When compared to single shot grenade launchers, RGP-40 as a lot more firepower. It only takes 3-4 seconds to empty the 6 round drum. After another 2-4 seconds, the last grenade reaches the designated target at the range of 300-350 m. In theory, the 5-meter blast radius of the rounds and the drum capacity allow for shrapnel saturation of almost 1000 square meters! This is way beyond capabilities of any other individual weapon system.
RGP-40 grenade launchers during the final assembly
The final version of RGP-40 revolver grenade launcher. Besides the optoelectronic sight, weapon has backup iron sights
Mechanical sights were designed and developed in ZMT Tarnow. It has dual scales, for low- and medium-velocity ammunition. This solution is unique, first one in the world
RGP-40 is equipped with a Romanian-made IOR Valdada OS-40L sight. However the swiveling base with Picatinny rail accepts also different red-dot sights
The grenade launcher is to be carried in a backpack style carrying case. Exterior has webbing designed to carry 6-round speed loaders
Three RGP-40s for the Police
Surprisingly, the first official user of the weapons from Tarnow isn’t the Poland’s Land Forces but the Police. At least, in theory. Police have the weapons but are currently in the process of ordering the special ammunition for the RGP-40.
On the 17 November 2016, the Police Headquarters in Warsaw announced the proceeding for procurement of three revolver grenade launchers compatible with conventional and special (including nonlethal) 40×46 mm and 40×51 mm ammunition. The proceedings were finalized and ZMT was chosen as the winner. Delivery took place on the 19 December 2016
RGP-40 revolver grenade launchers were delivered to and tested in Szczytno Police Academy. During this time, trials were conducted to evaluate usability and to establish procedures. RGP-40 will also be tested with various special types of grenades, including non-lethal, foreign and domestic produced ammunition. The RPG-40 is to replace 26.5-mm (4ga) RGA-86 semi-automatic revolver shotguns.
Polish Army ordered two hundred RGP-40 grenade launchers in 2016. In the meantime, Police purchased and acquired three weapons
RGP-40 the Polish Army
According to announcements from 2016, first RGP-40 grenade launchers were to be delivered to the 12 and 17 motorized brigades, equipped with Rosomak wheeled infantry fighting vehicles. Currently, it seems that the first grenade launchers will be provided to newly created Territorial Defence Forces (WOT, Wojska Obrony Terytorialniej). The new branch of Armed Forces is interested in purchase of 550 of RGP-40s. Each WOT squad is supposed to have one.
In the case of Land Forces, it is yet unknown how many RGP-40 grenade launchers will be used in the platoon and if the weapons will be utilised by combat or support teams. The initial assumption was to have one weapon per squad or having 1-2 launchers per support squad. The first plan makes a bit more sense as the RGP-40 will supplement the underslung grenade launchers.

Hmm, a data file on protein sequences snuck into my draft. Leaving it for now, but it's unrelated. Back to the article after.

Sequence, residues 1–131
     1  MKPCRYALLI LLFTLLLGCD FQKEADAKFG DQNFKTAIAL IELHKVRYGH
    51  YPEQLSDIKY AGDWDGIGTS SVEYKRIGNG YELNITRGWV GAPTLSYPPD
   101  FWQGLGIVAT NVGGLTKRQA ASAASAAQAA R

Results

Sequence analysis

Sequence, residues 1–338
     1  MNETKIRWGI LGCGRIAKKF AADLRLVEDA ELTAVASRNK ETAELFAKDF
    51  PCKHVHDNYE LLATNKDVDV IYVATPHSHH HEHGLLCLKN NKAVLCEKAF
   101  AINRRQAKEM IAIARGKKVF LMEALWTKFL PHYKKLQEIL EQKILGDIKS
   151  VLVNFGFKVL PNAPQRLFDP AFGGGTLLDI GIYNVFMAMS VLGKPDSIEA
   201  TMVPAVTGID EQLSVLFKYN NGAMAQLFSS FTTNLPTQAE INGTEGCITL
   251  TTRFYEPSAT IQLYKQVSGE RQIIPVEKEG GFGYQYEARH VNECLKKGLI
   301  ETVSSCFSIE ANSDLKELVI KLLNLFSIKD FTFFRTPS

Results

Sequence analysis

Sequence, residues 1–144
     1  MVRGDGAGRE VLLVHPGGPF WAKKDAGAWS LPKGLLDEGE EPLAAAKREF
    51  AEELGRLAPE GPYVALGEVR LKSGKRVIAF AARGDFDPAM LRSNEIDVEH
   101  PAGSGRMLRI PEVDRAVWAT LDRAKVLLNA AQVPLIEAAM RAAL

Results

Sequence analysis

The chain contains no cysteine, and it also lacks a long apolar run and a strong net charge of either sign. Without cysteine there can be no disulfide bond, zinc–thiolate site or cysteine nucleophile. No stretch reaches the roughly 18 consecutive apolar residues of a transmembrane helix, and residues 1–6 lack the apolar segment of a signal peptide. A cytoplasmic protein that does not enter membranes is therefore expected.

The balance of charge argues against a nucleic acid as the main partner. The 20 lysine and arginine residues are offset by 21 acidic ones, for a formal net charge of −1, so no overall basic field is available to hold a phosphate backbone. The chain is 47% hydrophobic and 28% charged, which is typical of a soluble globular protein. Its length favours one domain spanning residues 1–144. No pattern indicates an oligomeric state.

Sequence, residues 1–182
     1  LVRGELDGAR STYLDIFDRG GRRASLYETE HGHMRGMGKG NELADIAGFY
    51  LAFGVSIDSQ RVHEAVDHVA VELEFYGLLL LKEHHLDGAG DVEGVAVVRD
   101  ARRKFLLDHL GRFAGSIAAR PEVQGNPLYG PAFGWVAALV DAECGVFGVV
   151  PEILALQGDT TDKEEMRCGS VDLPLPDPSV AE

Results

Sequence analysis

If the planned deliveries will be finalized, Polish Army will be the first to Europe to utilize revolver grenade launchers at the squad level. Until now, such weapons were used by special forces.
Besides the Land Forces, also Territorial Defence Forces are interested in purchase of over 500 RGP-40 grenade launchers
There is one more open-ended question. What about the additional weapons for the RGP-40 operator? Should he have a service rifle or a carabine? Until now, an RPG-7 operator in Poland’s armed forces was equipped with a 9 mm submachine gun. American doctrine shows, that the grenadier only has a semi-automatic handgun, but Americans are developing a grenade launcher-fired grapeshot type ammunition for combating close distance targets.
As a direct result of use of a different ammunition, revolver grenade launcher has a shorter range than machine grenade launchers. Low velocity 40×46 mm rounds have a maximum effective range of 350-400 m. 40×51 mm medium velocity grenades can engage targets up to 800 m, hence the push to use those with RGP-40. Ammunition used in automatic weapons 40×53 mm high velocity (HV) reach up to 2,200 m. However, the payload is exactly the same, so is the blast radius.
Moreover, revolver launcher can be carried and served by a single soldier. This gives tremendous capabilities on the modern battlefield, especially in urban environments. It would very hard, sometimes even impossible, for a crew-served automatic grenade launcher to be effectively carried and set-up in a building. Light and compact, RPG-40 will reach designated positions without so much effort.
This article was originally published on MILMAG 01/2018